So according to the article I found, Mom Challenge number 3 is separation anxiety (yours):
For weeks Kathie Papera, 36, dreaded 4-year–old Ella's first day of preschool. "I pictured her crying and holding on to my feet," says the Manhattan Beach, CA, mom. To her surprise, however, Ella, who is usually of the hide-behind-mom's-leg variety of shy, stopped acknowledging her mother's existence after about 10 minutes with her new teachers and friends. "At some point Ella ran up to me and whispered in my ear, 'It's okay, Mommy, you can go now,'" Papera says, so she slowly backed out of the room and cried the entire drive home.
Similarly, in Tanis Miller's blog post, "To India and Beyond" she talks about her first born's first day at school:
"Letting go was hard to do that morning. It was only with time and the arrival of the little yellow school bus bringing her home that I was able to exhale. My baby was home.".
It's funny, I believe it's in these situations that you have to allow your head's logic to rule over your heart's parental instincts. A hard habit to break when you've been practicing it every minute of every day since your child was born. A new habit must form, from the first time with a baby sitter, then with each school etc. The answer of how to cope according to the article is thus:
For starters, recognize that your emotions are separate from your child's. "You have to know that what you're feeling is your own anxiety and sadness and not theirs," Raskin says. Even if your child is bawling and freaking out, you must realize two things: (1) He'll probably be fine five minutes after you leave (most kids are), and (2) the challenge of adapting to a new environment is one of those life experiences that will help him grow and develop. "If you block the separation, you end up fostering excessive dependency," Raskin says. "Remind yourself that your goal is to raise a happy, independent child." And when you break down in tears anyway in spite of all the logical reasons not to, go sit in your car and have a good cry. "It's okay to feel sad. You're grieving the loss of your baby on some level, even if that baby is 18," Raskin says. "But by the same token, you get a little piece of your life back!" Maybe you get to take an unhurried trip to the supermarket or read the newspaper — the whole newspaper — for the first time in years. "Your child's independence is a mixed blessing," Raskin says. "Find the gift that's in it for you."
Miller goes on to say:
"I'm not sure I know how to let them go. This time, there will be no school bus to bring them back to me. This time, I have to trust they will be able to find their way back to me on their own... As I swallowed, I realized, I am not scared for their futures. I am scared for mine. All of these years I've held the comfort of the familiar around me like a warm cloak to keep fear at bay and now I find myself standing at another precipice, that warm cloak slipping off my shoulders."
I have to hand it to my mum and dad. I understand how it must be extremely hard to 'let go' (dad if you're reading this, "insert joke here") and I wonder how I'll handle it when the time comes. My mother will always be my mother, my father always my father, and they will always have a level of care for me deeper than any other relationship, however, gradually as I grew up, they let go of certain aspects of the parental role, until the day came that the 'parent' relationship became more of a friendship.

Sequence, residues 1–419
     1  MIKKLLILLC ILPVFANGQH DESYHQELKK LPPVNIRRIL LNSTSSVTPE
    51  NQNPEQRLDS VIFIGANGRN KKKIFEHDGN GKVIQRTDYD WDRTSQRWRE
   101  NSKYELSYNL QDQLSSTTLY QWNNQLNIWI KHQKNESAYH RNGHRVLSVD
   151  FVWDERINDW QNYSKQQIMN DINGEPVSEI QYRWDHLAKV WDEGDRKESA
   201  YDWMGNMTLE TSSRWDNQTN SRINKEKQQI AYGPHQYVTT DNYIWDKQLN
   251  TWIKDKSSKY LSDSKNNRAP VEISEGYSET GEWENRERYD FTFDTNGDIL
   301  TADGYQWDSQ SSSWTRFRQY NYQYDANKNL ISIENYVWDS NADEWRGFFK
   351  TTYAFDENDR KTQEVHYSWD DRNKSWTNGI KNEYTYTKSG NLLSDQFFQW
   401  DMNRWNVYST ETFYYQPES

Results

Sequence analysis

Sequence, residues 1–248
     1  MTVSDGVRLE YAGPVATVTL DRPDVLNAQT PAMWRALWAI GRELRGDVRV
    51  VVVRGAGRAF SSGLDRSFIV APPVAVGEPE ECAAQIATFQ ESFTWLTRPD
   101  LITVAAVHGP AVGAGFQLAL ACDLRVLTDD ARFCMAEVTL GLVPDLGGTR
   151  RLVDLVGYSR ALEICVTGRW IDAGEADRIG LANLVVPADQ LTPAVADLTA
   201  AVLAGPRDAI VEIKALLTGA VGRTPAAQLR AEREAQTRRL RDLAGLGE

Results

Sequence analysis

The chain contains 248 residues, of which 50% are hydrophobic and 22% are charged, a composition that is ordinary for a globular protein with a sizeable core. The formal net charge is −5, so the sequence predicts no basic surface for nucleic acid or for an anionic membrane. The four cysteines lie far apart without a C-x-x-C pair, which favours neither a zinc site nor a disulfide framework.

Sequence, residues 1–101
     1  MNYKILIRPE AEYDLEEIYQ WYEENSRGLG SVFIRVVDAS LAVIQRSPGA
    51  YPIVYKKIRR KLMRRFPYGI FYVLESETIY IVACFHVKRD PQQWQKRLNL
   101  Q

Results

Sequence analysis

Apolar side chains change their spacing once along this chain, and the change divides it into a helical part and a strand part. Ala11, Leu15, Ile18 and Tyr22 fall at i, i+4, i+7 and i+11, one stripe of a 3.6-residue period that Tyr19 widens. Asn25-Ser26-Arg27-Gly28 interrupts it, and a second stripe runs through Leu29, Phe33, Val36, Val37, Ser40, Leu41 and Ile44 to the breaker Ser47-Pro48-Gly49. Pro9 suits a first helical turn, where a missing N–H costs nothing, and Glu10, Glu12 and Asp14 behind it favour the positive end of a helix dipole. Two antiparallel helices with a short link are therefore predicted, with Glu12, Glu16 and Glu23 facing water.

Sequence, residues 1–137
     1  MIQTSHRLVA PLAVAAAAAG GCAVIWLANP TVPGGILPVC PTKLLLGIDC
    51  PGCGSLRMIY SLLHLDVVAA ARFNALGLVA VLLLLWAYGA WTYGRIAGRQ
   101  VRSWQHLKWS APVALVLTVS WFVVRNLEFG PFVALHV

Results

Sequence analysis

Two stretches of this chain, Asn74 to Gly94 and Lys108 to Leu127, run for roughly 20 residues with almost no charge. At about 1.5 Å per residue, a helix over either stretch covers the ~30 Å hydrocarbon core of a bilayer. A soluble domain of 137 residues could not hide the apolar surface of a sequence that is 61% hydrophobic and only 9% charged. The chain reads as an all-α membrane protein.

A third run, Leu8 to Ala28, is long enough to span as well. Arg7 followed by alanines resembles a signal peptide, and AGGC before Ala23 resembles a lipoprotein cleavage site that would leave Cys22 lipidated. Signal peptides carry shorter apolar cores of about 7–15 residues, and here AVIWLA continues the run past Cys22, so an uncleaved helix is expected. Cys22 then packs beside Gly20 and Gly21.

They have kept me safe, provided wisdom and guidance, and watched me make 'mistakes' and deal with the consequences, never telling me what to do. The same goes for all of my choices - they might think they're a terrible idea! However they wouldn't dream of trying to talk me out of them, rather say: "That's our daughter, the crazy one!".
One area of my life in which I appreciate this the most, is my relationship with my husband. They never interfere, and most importantly, they completely understand that my husband and I come before our respective families. This, I feel, is the ultimate acceptance of 'letting go'.
I think this is where hobbies play a part in a happy, fulfilled life. I'm sure my mum would agree with me when I say that her countless hobbies where she can indulge in her creative side has kept her too busy to be sad or worried. Gardening, crochet, dog walks and beach combing are just a few of my family's shared interests.
On the other side of the coin, I do feel that my parents have "done their bit" and now it's my turn. I would never expect free babysitting or other services. Yet they and I know if there is any help required, we are here for each other.
So, I shall remind myself, everyday from now, that my goal is to raise a happy and independent child, encouraging them to be themselves and with confidence. As proud as I am to be this little lad's mum, if I can maintain Lorraine's hobbies and interests as well as being 'mum', then I think having other focuses could work out to be the key to a healthy balance. Easier said than done? Yes probably, but it's a happy goal to work towards. Plus if any worries I might have are fueled into gardening, playing music and crocheting, I'll be surrounded by gorgeous handmade blankets and cushions in a beautiful, well-maintained garden, where I can just be 'me'. Funny, that, as we have an on-going joke in my family, where I am not referred to by name, but by my relationship with others; "I know you, you're AJ's wife"... "Ah! You must be JK's daughter!"...
I've yet to hear "You're 'little lad's mother aren't you?" though...